My grandson Picco and I had a great Thanksgiving dinner and a lovely time at the home of Dick and Bonnie-Lou Binnig. Bonnie-Lou is the President of the Moss Pelicans Chapter of the P. Buckley Moss Society and invited us to share Thanksgiving with them. Joining us were former Society Board member Marlyn DeWaard, Dick and Bonnie-Lou’s neighbor Gertrude Beers, and Gary and Leslie Nier of Franklin, Tennessee. Bonnie-Lou and Leslie used to work together. It was such fun meeting Gertrude, Gary, and Leslie, and Picco enjoyed talking with them, too.
What a beautiful turkey! The turkey and gravy were outstanding, and so were the pies—everything was delicious! Pictured with me is my grandson Picco Gabellieri.
Marlyn read something at Thanksgiving dinner about being thankful that I would like to share. It really puts things in perspective.
If you woke up this morning with more health than illness,
you are more blessed than the million who won't survive the week.
If you have never experienced the danger of battle,
the loneliness of imprisonment, the agony of torture or
the pangs of starvation,
you are ahead of twenty million people around the world.
If you attend a church meeting without fear of harassment,
arrest, torture, or death,
you are more blessed than almost three billion people in the world.
If you have food in your refrigerator, clothes on your back,
a roof over your head and a place to sleep,
you are richer than 75% of this world.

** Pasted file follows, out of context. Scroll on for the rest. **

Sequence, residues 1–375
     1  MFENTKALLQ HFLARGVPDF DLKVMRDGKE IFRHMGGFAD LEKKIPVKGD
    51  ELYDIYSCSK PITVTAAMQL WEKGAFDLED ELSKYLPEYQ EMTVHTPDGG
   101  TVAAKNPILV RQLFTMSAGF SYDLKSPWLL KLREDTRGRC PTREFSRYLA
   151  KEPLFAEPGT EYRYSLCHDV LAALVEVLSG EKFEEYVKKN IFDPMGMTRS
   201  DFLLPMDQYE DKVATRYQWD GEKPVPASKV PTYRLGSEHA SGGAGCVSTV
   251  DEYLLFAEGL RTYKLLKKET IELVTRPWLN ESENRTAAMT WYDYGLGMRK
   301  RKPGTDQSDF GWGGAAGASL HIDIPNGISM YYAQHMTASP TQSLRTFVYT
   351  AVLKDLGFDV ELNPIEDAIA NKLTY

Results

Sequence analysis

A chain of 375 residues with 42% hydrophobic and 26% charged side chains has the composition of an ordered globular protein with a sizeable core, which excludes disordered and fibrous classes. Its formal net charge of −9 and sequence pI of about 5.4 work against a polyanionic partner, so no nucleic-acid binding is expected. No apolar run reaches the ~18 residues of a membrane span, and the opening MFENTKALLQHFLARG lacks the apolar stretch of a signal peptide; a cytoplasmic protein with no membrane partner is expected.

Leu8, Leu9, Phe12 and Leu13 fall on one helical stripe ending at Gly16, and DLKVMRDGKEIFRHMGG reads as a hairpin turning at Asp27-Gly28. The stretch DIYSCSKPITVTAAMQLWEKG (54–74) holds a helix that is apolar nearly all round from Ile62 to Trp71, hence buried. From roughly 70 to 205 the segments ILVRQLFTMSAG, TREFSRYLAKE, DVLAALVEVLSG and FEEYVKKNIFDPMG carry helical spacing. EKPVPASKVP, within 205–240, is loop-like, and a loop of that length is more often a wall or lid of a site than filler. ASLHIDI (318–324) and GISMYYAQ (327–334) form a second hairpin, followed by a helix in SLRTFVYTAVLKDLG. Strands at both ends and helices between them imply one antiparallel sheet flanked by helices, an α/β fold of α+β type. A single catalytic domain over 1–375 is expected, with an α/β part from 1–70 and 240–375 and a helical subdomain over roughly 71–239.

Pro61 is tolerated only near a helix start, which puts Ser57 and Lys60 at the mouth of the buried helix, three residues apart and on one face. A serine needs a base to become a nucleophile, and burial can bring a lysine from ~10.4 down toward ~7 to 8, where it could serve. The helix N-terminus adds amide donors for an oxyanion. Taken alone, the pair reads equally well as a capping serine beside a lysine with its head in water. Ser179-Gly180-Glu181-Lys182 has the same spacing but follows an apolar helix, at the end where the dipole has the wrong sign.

If you have money in the bank, in your wallet,
and spare change in a dish someplace,
you are among the top 8% of the world's wealthy.
If your parents are still married and alive,
you are very rare, especially in the United States.
If you hold up your head with a smile on your face and are truly thankful,
you are blessed because the majority can, but most do not.
If you can hold someone's hand, hug them or even touch them on the shoulder,
you are blessed because you can offer God's healing touch.
If you can read this message,
you are more blessed than over two billion people in the world
who cannot read anything at all.
You are so blessed in ways you may never even know.
I am especially blessed with wonderful family and friends!
Friday night I went with members of the Moss Pelicans Chapter to the American Stage Theater Company here in St. Petersburg to see A Doll’s House. The theater group did a wonderful performance, and I really enjoyed it.
My children and their families had Thanksgiving dinner at my Barn in Waynesboro, Virginia, with their father and his wife Malone. Facebook was such fun, because I got to see what everyone was doing for Thanksgiving. I missed my children, but we’ll all be together for Christmas.
L. to R.: My grandchildren Sean and Sarah Donnelly, who are attending Virginia Tech (Sean is a Freshman, and Sarah is a Senior.); and Amanda, Kristina, and Diana Moss, who want to attend Tech. They all went to Saturday’s football game.
My son Chris’ children, who live in New York, thoroughly embraced the Hokie spirit at Saturday’s game. L. to R.: Amanda, Kristina, & Diana.
I’m returning to Virginia this week in time for my November 30-December 2 Museum and Barn Open House. I’m going to miss the Christmas parties in St. Petersburg, but we’re having a big party the evening of December 1 at the Museum to celebrate the 25th Anniversary of the P. Buckley Moss Society. Tickets are $45, and attendees will receive a complimentary black and white print. There will be live and silent auctions to benefit the P. Buckley Moss Foundation for Children’s Education. I’m looking forward to seeing our Society friends from all over the country. Come join us! For more information, please call 1-800-430-1320.
The Silver Sentinel will be given to those who attend Saturday night’s celebration of the Society’s 25th Anniversary.
My special print for the November 30-December 2 Museum and Barn Open House is Christmas at the Barn, which captures the Christmas spirit at my Barn home in Waynesboro, VA. For more information, please contact the P. Buckley Moss Museum at 1-800-343-8643 or 540-949-6473.
See you soon!